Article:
Monday, June 22, 2009

Should You "Rebalance" Your Portfolio?

Before we dive into this, let me give you some perspective. Washington DC-based Employee Benefit Research Institute estimates that somewhere in the neighborhood of 50 million Americans have 401(k)s, equaling an estimated $2.5 trillion.

And the Center for Retirement Research at Boston College tells us that in the 12 months following the stock market’s peak on October 9, 2007, “the Dow Jones Industrial Average plunged 39 percent, the Standard & Poor’s 42 percent, and the broadest gauge of market activity – the Wilshire 5000 – 42 percent.” Essentially, about $2 trillion

Unless you’ve been living on Mars, you are aware that the chaos in the stock market is still raging. And, as one would expect, a lot of folks are basically freaking out. Who wouldn’t? Everyone who’s got any money left in the market is looking for some sort of solution to stop the further exhaustion of their investments.

One solution that seems to be gaining popularity is “rebalancing.” In the real sense of the word, rebalancing is the act of returning a portfolio to its original mix, when it no longer conforms. However, for the purposes of this blog, I am defining “rebalancing” as moving assets from one class to another to prevent further hemorrhaging of an account’s value – hence the quotes.

More and more 401(k) plan administrators, customer service reps, and financial advisors are proposing “rebalancing” as a way out of the current mess. But is this really a sound idea? Let me give you the whole story so you can make your own decision, as we at Laser Financial Group always allow our clients – or anyone, for that matter – to do.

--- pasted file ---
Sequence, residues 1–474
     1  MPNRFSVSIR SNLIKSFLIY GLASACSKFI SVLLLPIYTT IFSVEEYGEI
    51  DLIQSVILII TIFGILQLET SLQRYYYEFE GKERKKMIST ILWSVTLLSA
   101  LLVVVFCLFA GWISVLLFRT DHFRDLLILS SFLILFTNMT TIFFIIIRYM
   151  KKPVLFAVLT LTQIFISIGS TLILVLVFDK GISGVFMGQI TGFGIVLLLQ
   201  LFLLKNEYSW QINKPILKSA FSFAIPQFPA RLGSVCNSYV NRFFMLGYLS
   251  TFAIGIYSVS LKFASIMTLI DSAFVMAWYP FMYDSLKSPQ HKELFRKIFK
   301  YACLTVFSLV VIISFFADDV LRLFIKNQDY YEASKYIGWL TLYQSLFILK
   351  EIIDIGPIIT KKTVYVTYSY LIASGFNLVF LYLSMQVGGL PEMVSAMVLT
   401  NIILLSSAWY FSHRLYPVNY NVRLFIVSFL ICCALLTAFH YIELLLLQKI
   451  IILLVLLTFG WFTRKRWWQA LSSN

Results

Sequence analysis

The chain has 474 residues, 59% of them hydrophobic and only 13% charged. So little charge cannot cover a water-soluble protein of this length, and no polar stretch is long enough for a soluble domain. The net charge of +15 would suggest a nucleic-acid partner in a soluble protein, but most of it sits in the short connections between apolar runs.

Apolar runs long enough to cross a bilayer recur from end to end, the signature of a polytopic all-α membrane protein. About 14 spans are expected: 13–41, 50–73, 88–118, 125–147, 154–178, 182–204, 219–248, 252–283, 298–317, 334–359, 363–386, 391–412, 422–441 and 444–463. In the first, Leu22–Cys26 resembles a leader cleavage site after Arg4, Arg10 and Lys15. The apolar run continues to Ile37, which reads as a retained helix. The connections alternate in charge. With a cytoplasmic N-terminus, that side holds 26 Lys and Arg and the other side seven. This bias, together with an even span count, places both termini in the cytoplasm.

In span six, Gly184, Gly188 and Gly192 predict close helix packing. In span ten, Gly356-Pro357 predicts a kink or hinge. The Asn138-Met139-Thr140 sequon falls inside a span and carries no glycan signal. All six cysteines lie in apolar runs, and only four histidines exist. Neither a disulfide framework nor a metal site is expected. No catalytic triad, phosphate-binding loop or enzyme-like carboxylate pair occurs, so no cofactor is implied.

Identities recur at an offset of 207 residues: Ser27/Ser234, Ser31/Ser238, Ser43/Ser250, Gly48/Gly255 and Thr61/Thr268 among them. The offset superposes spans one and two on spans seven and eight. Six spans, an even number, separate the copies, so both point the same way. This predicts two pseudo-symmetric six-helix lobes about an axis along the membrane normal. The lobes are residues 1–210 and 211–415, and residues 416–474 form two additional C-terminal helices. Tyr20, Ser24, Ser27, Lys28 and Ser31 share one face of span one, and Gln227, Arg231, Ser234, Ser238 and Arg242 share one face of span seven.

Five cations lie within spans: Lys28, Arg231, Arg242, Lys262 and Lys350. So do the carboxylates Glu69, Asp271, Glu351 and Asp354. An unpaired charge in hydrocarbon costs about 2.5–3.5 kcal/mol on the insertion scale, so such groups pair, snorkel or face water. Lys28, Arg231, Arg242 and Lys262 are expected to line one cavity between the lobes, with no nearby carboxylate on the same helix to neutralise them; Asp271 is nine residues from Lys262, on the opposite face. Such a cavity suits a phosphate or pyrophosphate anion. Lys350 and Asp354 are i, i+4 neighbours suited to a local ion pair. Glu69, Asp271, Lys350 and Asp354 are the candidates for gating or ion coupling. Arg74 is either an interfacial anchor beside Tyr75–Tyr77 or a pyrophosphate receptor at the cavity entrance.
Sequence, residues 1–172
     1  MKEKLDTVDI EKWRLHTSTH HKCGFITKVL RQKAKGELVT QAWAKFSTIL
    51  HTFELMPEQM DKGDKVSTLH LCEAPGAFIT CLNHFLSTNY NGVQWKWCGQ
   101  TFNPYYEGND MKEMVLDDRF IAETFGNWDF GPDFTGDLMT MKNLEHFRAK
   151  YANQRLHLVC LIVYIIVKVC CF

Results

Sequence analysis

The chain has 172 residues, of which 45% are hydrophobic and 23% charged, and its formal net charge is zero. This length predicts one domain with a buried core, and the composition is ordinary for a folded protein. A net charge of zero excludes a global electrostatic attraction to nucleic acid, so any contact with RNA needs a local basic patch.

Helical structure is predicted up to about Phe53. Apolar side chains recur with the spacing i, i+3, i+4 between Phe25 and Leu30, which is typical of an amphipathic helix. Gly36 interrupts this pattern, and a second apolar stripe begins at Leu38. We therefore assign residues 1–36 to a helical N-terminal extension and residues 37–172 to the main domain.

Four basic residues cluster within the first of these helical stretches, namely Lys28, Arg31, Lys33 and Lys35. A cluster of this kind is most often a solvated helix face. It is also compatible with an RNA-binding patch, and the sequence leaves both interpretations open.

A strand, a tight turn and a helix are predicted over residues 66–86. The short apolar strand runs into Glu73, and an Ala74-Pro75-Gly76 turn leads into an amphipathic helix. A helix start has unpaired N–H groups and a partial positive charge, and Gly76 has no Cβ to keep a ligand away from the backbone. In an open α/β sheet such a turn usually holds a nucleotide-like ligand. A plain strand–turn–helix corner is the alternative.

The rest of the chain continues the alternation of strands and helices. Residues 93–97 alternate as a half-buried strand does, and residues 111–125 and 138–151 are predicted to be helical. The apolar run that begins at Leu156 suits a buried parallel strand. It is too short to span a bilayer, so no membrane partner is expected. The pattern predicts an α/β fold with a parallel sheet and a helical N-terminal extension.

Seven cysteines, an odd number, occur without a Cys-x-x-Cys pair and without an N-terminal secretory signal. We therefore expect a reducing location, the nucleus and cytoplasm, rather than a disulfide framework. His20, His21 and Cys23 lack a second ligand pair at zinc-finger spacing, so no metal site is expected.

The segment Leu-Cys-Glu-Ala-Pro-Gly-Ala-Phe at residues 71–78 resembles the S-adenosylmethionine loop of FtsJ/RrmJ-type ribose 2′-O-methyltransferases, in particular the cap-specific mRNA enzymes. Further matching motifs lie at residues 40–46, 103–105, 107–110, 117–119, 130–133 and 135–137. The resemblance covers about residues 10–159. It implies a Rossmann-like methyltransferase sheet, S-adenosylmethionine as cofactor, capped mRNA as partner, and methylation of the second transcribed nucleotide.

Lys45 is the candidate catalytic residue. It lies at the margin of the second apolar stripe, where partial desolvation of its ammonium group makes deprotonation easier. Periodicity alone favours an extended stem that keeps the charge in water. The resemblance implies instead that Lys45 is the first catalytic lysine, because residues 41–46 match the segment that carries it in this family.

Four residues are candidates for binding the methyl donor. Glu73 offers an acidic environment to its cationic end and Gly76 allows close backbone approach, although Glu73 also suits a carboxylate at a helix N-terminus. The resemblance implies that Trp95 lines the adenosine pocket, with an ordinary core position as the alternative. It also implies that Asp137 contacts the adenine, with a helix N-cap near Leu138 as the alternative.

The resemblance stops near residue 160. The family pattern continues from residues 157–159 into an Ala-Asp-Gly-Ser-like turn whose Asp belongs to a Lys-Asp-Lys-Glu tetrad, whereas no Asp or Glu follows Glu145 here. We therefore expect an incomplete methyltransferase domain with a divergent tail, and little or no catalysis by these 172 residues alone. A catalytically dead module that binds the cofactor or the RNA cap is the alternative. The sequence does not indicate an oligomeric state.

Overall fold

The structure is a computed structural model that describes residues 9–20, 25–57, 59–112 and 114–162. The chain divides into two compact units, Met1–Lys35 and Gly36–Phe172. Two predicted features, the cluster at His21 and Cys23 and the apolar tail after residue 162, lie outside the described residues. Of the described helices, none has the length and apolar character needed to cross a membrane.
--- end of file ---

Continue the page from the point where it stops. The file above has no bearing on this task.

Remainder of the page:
First, Get an Understanding

Okay, let’s say you are Barbara, and before this whole stock market pandemonium began, your 401k – or similar plan – had a $300,000 balance. To keep it really simple, let’s assume you own 10,000 shares of Mutual Fund X, making each share worth $30.

When Barbara receives her annual statement 12 months after the chaos begins, her balance has been reduced to $200,000, without her having withdrawn a penny. This means that each share is now worth $20, but she still owns the same number of shares – 10,000. Again, we’re keeping things very simple to help you make wise choices.

Barbara, just like millions of other distraught investors, makes a few phone calls and is “advised” that the “solution” is to “rebalance” her portfolio into a money market fund until after the market recovers. Then she can once again “rebalance” it, back into Mutual Fund X or any other fund that might be “smoking hot” at the time, in order to make money. Sounds pretty awesome, right?

If Barbara were to follow that advice, this is what she would actually have done. She’d have SOLD her shares in Mutual Fund X at their current value of $20 per share and BOUGHT new shares in something else with the proceeds. In other words, she would have essentially made the $100,000 decline in the value of her account permanent.